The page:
The headlines speak little of the transformation this car has been through, but they are as follows. Ninety kilogrammes of weight saved, most notably in the chassis, body and cabin specification. An extra 35bhp of peak power found, via a wide-reaching cylinder head and piston redesign, and a move to a compression ratio of 14:1. Transmission shift time improved by as much as 44 per cent. Body design comprehensively reappraised, with new drag-reducing active aerodynamic features adopted front and rear. And new faster-acting twin-solenoid adaptive dampers fitted as part of a wide-ranging rolling chassis update bringing with it lighter alloy wheels, carbon-ceramic brakes from the LaFerrari hypercar, stiffer springs and special Michelin Pilot Sport Cup 2 tyres.
Watch Autocar test the 950bhp LaFerrari
The Speciale’s cabin is deliciously sparse. It’s not just that equipment has been taken away – although it has (no audio system here, but you do get air-conditioning). It’s that the architecture of the interior itself has been pared back. There’s nowhere on the door to rest your elbow; just a carbonfibre panel with a lonely-looking handle on it. The centre console has been slimmed down; the glovebox removed completely and replaced with a passenger kneepad. Short of a street-legal Radical or something similar, driving environments don’t get much more purposeful.
The Radical wouldn’t be much noisier, either. The Speciale’s 4.5-litre V8 barks to life, and snarls with rapier-sharp voice, like it could vault out of the car and take a chunk out of the nearest kerbstone at any moment.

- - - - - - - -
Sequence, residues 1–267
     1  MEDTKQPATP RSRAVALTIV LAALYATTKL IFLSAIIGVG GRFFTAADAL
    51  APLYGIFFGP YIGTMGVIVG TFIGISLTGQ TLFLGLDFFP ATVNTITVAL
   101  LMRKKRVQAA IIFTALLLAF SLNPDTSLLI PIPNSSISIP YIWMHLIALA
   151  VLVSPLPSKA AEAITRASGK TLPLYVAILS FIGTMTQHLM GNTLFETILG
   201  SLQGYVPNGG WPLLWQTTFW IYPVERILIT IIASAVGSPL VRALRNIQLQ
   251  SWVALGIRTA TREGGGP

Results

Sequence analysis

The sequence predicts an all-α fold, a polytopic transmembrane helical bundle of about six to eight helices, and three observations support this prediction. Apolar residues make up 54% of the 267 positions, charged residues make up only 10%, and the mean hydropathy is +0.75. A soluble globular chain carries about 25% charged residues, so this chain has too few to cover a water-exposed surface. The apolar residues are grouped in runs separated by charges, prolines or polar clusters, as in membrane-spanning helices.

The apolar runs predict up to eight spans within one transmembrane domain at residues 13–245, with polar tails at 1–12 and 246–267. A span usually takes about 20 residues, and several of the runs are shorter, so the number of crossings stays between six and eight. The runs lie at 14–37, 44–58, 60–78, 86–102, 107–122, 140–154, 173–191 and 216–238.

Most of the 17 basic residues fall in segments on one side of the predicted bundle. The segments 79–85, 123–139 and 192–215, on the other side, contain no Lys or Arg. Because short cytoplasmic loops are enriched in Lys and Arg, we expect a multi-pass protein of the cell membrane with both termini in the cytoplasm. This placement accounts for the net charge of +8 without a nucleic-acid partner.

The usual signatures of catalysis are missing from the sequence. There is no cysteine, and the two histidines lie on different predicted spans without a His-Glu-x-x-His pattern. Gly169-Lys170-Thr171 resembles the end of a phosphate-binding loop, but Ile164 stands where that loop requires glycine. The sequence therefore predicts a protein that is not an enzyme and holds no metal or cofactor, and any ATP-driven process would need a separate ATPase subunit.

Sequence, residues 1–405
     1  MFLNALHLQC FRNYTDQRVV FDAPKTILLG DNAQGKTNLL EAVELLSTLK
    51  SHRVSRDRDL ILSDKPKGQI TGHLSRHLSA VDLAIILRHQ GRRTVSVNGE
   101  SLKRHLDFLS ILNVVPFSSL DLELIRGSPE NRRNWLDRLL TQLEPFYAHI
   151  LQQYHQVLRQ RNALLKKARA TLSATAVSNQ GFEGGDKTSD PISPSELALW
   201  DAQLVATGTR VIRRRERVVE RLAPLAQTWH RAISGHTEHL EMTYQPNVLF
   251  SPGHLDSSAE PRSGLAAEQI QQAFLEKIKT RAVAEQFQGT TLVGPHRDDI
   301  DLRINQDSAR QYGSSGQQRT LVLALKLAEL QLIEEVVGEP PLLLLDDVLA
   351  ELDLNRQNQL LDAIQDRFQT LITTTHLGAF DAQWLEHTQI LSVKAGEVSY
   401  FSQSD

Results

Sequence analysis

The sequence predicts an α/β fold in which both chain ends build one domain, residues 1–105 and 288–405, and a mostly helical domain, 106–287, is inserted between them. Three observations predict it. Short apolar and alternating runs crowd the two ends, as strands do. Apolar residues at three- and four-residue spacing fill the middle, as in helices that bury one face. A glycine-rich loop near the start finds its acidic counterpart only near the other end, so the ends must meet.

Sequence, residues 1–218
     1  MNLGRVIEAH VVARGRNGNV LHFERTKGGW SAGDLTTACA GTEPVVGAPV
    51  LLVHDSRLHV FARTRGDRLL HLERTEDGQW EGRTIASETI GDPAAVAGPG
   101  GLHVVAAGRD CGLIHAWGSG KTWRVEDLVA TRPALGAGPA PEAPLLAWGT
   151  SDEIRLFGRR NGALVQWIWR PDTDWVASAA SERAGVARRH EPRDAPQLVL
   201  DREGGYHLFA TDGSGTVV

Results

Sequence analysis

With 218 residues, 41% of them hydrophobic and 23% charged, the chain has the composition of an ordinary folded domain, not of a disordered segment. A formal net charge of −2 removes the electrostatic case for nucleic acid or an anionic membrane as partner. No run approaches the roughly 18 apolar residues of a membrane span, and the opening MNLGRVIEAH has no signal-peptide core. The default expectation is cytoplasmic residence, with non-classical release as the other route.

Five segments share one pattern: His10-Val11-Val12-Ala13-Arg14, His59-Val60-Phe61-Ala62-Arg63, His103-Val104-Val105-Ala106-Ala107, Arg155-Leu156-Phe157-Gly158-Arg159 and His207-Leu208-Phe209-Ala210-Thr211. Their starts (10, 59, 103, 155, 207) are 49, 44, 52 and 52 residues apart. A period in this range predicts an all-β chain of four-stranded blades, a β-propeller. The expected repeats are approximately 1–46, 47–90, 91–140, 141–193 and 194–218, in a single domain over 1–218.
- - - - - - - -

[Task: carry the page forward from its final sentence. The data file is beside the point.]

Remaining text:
And still, all becomes forgotten preamble the instant you’re moving. Responsiveness such as you find in the Speciale is rarely even attempted in a road car, even more rarely delivered. That 398lb ft of torque doesn’t look huge on paper, but a good chunk of it is there to be tapped into immediately. Keep that foot in and the howling force of that V8 from 6000 to 9000rpm is something to marvel at and savour. There again, performance isn’t as violent as some cheaper alternatives - although this is still a very fast car indeed.
And yet the chassis feels ready to go faster – always, and in every circumstance. The chance to test this car on the track will come later. But on the road and in the dry, the Speciale’s reserves of lateral grip are simply incredible. Sidewindow-headbuttingly so. The steering’s absolutely pin-sharp and almost scarily direct at first. It’ll be too much for some, without a doubt.
But stick with it and the Speciale will take you to another dimension on cornering speed, via its unflappable stability, dependable steering feedback and directional precision. A place where the national speed limit seems preposterously low for a typical UK traffic island, for example. Where inside verges on country roads charge at you until your brain begins to compute how little your wrists actually need to do in order to flick perfectly past them.
A place, in other words, where only a handful of driver’s cars on the face of the planet can take you. A place the Speciale owns.